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Red Lion Hotels finds the right connection.

When Red Lion Hotels and Inns took over management of the Red Lion Hotel Denver at Stapleton Airport last year, the property had already received a $13 million, top-to-bottom facelift of 576 guest rooms and features such as its magnificent lobby of marble and rare wood paneling.

But the new management was not happy with other features of the hotel less visible to guests, particularly an obsolete phone system.

So Red Lion moved quickly to provide the hotel with the guest service it considers vital to its commitment to attracting business travelers--a state-of-the-art phone system that turns guest rooms into offices on the road.

The phone system is the most recent accomplishment of a partnership between Red Lion Hotels and Inns and US West Large Business Services, which has given the hotel chain a telecomm capability second to none.

The Denver Red Lion Hotel is the latest to be taken over by the fast-growing 51-hotel chain. Red Lion owns most of the hotels, located in 10 western states. The Denver property, however, is owned by Cigna Corp., which signed a management agreement with Red Lion.

"The phone system we found when we went in was ancient in technological terms," says US West Account Manager Jim Linkous. "It was at least 16 years old and had long since become obsolete."

"The business traveler is the heart and soul of the hospitality industry," says Clifford D. Barry, Red Lion Hotels and Inns' vice president/systems, "and the business traveler is mainly interested in two things: comfort and convenience.

"Sure, other hotel chains can look at some of the features we offer and say, 'We have that,' but in terms of the whole package, and the reliability, I don't know who can beat us."

Reliability was the major problem with the old system. It was plagued by breakdowns, a serious problem for business travelers. It did not have such basic features as message waiting, and it gave callers problems in using telephone credit cards. Worse, it was sometimes unable to complete long-distance calls. The new system ends those problems and offers a variety of new conveniences, including a data port on the guest phones for portable PCs.

One unique feature automatically alerts the front desk and identifies the room from which a 911 call is dialed. In the past, an emergency dispatcher could identify only the hotel. Hotel guests dialing 911 might be unable to speak, because of a medical condition or other situation.

NEC developed the feature in response to a request from Red Lion for added security. It allows hotel personnel to immediately direct responding police, rescue or fire units to the room in which the emergency is occurring, saving precious minutes. The system is manned 24 hours a day.

The new Denver phone system is hooked into Red Lion's computerized property management system, so calls are automatically entered on the bill, speeding checkout and eliminating erroneous billing. A new automatic call distribution (ACD) system also makes the reservation process faster and easier.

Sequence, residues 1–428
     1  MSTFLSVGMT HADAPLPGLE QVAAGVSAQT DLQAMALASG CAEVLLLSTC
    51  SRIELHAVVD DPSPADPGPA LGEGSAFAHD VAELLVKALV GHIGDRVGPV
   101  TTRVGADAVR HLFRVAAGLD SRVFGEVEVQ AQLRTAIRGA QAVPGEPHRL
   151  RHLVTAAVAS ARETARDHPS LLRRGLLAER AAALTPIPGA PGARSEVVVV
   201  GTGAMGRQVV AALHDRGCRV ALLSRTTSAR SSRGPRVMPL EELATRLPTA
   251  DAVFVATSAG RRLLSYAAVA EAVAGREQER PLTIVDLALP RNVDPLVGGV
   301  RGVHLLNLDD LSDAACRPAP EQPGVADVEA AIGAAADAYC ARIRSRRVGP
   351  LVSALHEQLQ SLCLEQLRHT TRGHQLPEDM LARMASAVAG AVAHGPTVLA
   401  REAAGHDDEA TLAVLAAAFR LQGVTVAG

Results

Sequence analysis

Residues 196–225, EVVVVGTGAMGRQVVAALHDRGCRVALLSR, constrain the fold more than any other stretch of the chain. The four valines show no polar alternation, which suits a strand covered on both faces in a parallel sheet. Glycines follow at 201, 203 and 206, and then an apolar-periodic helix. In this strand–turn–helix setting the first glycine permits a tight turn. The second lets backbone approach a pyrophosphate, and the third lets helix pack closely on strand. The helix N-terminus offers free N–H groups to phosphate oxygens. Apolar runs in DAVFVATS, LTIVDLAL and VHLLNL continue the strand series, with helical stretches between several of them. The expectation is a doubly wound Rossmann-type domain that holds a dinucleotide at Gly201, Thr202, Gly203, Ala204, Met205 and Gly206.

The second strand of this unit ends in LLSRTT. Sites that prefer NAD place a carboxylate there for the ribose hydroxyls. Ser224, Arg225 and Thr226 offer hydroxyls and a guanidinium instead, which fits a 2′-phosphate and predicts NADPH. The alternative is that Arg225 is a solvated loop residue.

When a guest calls room service or housekeeping, the room number and guest's name are displayed on the receiving console. That ensures delivery of services to the right room, even if the guest gives the wrong room number, and allows hotel employees to greet the guest by name, another opportunity for personal service, says Barry.

The new system can deliver all wakeup calls within a minute or so of the time requested, regardless of the volume, with a voice message instead of a ring.

"That may seem like a small item," he says, "but it is important, particularly to the airline crews that stay at our locations near airports. Like so many other small items, it can be the one that decides whether a guest chooses Red Lion or some other hotel next time."

The upgraded telecomm system improves the hotel's ability to serve meetings and conventions.

"If a company plans a trade show and needs to demonstrate 12 new brands of fax machines," says Linkous, "we can have new lines installed faster than they can get the tables up and the fax machines on them."

US West supplied dial tone and equipment to Red Lion in the hotels within its service territory for over 22 years, but Red Lion viewed them strictly as a supplier, Barry says.

Three years ago, Red Lion began to draw on the telco's expertise as a consultant and problem-solver. Red Lion's new emphasis on its telecomm systems led to a working relationship with US West that cut average installation time in half, with greatly reduced maintenance problems. Linkous says that system installation in the Denver hotel, for example, took just a month, compared to an industry average of two months for a system of that size.

In the past four years, a voice mail system and an ACD for central reservations at corporate headquarters and a variety of the latest digital equipment have been installed at 23 Red Lion Hotels, improving overall voice quality. The RBOC provides maintenance service for all 36 locations.

Other plans include network improvements to increase communications speed and reliability. Hotel management are also investigating installation of a network reservation system and exploring videoconferencing.

"Today we can point to the reliability and currentness of our telecomm equipment as one of our most valuable assets," says Barry.
COPYRIGHT 1993 Nelson Publishing
No portion of this article can be reproduced without the express written permission from the copyright holder.
Copyright 1993 Gale, Cengage Learning. All rights reserved.

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Title Annotation:upgrading of telecommunication system
Publication:Communications News
Date:Jan 1, 1993
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